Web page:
From Sheffield to Torino, Lille to Leipzig, Belfast to Bilbao, Europe’s industrial cities are no strangers to hard times. Faced with depleted resources, plummeting populations and urban degradation, these cities struggled to round a corner. But somehow, around the turn of the century they recovered and began to flourish. The 2008 bank crash and the eurozone crisis dented their progress, but couldn’t stall it completely.
I have spent the last 20 years seeking to understand how the cities of Europe’s industrial heartlands backed away from the brink of ruin and recaptured their former glory. I discovered a strong common thread of industrial collapse, reinvestment and pulling through in spite of austerity.
The origins of industry
The north of England was the cradle of the industrial revolution, which swept like wildfire across Europe in the 18th and 19th centuries. By the time World War I had begun, hundreds of cities were in the grip of super-fast machine production, based on extraction, burning and waste dumping. It took two centuries, two world wars and many booms and busts for the industrial giants to run out of steam.
Knocking off in industrial Belfast. Image: Wikimedia Commons.
Yet by the 1980s, Europe’s mines were depleted; its land, water and air were poisoned. Unemployment rates were rocketing, factories were closing and migrant workers were no longer needed for cheap labour in factories. The populations of European cities, where industry had dominated, started to decline. Urban areas began to sprawl, as people sought to escape the grime and poverty of city centres.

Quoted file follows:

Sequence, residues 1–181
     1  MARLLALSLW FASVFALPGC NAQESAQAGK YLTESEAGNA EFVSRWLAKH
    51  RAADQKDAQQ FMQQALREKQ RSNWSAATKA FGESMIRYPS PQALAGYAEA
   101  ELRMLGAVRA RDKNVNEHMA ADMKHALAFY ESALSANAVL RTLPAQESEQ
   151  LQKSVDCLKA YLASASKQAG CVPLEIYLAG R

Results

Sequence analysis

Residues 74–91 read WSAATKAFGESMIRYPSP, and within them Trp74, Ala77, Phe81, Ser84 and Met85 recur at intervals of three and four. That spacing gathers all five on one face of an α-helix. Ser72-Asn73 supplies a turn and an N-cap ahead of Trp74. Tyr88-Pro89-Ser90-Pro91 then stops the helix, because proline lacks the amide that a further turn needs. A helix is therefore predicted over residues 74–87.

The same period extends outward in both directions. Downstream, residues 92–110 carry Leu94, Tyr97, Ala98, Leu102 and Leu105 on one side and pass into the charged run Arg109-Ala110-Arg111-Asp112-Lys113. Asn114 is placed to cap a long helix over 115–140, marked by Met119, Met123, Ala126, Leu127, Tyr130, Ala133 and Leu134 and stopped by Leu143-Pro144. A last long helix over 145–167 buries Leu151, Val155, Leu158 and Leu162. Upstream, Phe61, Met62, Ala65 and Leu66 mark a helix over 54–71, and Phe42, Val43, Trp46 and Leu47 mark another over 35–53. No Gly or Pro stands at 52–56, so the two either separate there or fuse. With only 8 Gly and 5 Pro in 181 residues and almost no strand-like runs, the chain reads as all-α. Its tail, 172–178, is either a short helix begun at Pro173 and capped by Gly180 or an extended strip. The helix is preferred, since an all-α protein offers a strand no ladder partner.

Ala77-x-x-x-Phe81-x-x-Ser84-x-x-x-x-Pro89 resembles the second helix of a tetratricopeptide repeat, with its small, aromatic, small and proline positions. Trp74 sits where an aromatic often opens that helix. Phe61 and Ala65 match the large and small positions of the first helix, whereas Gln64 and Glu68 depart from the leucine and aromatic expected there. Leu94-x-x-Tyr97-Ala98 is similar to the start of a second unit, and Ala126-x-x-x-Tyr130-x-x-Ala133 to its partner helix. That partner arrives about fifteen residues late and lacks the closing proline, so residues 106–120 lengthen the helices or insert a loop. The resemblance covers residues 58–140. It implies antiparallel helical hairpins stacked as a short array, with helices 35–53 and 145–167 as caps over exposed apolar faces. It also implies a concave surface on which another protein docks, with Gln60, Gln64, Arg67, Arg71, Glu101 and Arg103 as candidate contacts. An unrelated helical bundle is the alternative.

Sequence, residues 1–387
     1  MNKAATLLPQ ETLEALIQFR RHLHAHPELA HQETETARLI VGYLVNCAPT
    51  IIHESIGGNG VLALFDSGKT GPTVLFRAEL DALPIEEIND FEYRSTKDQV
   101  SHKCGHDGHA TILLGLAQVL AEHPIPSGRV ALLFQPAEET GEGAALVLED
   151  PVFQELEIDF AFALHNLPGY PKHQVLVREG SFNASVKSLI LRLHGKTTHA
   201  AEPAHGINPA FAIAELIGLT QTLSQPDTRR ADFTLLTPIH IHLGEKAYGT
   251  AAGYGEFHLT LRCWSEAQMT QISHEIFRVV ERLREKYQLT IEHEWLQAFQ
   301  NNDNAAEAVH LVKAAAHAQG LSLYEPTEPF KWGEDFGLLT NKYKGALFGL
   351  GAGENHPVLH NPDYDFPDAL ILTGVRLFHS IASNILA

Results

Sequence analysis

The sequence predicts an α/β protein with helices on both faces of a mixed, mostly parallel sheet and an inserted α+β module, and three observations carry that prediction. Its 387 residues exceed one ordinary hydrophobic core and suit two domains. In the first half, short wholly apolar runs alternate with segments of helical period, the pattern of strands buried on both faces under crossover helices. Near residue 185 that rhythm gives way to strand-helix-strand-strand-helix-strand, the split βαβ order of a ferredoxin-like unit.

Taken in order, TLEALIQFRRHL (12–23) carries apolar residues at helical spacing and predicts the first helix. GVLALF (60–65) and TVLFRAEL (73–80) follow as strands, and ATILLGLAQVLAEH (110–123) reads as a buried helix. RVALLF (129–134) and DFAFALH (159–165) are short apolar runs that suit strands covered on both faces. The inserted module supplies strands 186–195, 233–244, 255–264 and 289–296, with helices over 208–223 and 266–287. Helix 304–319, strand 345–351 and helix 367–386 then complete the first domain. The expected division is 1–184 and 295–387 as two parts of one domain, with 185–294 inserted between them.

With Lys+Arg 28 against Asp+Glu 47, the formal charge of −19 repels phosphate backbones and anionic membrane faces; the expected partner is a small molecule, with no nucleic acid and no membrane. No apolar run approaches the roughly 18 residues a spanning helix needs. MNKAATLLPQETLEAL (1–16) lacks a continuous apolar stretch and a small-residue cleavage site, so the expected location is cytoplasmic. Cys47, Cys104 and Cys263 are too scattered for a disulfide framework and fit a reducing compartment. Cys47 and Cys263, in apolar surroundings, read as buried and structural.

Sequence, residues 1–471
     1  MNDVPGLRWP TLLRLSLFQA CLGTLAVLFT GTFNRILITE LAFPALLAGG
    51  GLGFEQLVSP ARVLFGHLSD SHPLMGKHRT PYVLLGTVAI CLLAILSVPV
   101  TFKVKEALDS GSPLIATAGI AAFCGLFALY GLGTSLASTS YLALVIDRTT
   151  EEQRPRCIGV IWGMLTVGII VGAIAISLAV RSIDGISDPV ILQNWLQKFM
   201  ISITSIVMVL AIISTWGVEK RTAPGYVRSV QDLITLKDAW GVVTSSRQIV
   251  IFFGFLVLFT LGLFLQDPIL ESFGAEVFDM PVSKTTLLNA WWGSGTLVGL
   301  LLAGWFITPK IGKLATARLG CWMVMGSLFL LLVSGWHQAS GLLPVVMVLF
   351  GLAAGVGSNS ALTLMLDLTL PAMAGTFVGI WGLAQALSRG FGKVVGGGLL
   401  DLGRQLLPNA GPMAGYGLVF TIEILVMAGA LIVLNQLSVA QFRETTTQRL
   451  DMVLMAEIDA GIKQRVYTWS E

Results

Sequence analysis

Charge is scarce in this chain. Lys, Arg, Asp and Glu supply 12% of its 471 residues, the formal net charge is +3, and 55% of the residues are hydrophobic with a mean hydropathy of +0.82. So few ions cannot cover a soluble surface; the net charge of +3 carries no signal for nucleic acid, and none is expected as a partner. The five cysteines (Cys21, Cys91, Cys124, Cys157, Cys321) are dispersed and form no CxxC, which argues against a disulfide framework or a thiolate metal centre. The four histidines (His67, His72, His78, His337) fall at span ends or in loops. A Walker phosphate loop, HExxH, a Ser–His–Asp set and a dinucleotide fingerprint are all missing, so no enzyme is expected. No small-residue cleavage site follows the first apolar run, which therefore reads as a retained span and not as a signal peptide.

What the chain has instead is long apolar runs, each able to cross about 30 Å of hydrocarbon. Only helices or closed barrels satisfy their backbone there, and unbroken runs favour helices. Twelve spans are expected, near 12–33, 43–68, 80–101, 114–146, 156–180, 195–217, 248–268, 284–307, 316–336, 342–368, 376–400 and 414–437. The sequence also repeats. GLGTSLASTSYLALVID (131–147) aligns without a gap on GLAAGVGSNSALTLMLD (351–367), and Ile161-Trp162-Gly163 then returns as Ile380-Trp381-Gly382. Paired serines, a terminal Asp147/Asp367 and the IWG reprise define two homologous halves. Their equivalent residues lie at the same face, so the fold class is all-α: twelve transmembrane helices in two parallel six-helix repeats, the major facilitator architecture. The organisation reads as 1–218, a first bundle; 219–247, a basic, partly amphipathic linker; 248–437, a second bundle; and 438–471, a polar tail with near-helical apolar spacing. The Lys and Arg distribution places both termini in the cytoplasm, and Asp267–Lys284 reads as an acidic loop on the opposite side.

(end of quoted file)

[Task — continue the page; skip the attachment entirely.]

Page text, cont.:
Suddenly, there was too much of everything – too much subsidised housing, too many cars, too many factories, too many jobless people. Housing abandonment accelerated, ad city leaders woke up to their towns’ “slow death”. Although many moved away to more prosperous cities, the large majority of people were stuck.
Gradually, new ideas emerged: new visions, enterprises and energy. Cities could be reshaped for the new economy; less energy-intensive, more service-based, more broken up and modern.
European governments opted to reinvest: after all, former industrial cities had produced most of the continent’s wealth. But they had also borne most of its growing pains and suffered the most extreme damage. There was no opposition to a hefty pay-back for cities which had become poor almost overnight.
Former industrial cities had immense (if worn out) assets: imposing civic structures, town halls, concert venues, public libraries and swimming baths, universities, hospitals, parks and public squares, railways, canals, rivers and above all, technical skill – now hugely undervalued.
These decayed and neglected assets promised a post-industrial rebirth, unique to former industrial cities. Heritage became a starting point for recovery, as cities displayed their grit and determination to recover “with dignity”. The vast infrastructure of these smaller cities has proved remarkably resilient in the makeover.
Old and new: Shoreham Street, Sheffield, by Project Orange. Image: Jack Hobhouse.
Investors were drawn by old and new attractions, but they also need quality housing for skilled new workers. Again, cities proved resourceful. Old neighbourhoods – often poor, run down and unpopular – had hidden potential. The terraced streets, courtyard blocks, modernist flats and houses invited major reinvestment and upgrading. Their environments and facilities needed intensive care and hands-on management; a new field of caring enterprise grew for underemployed city residents.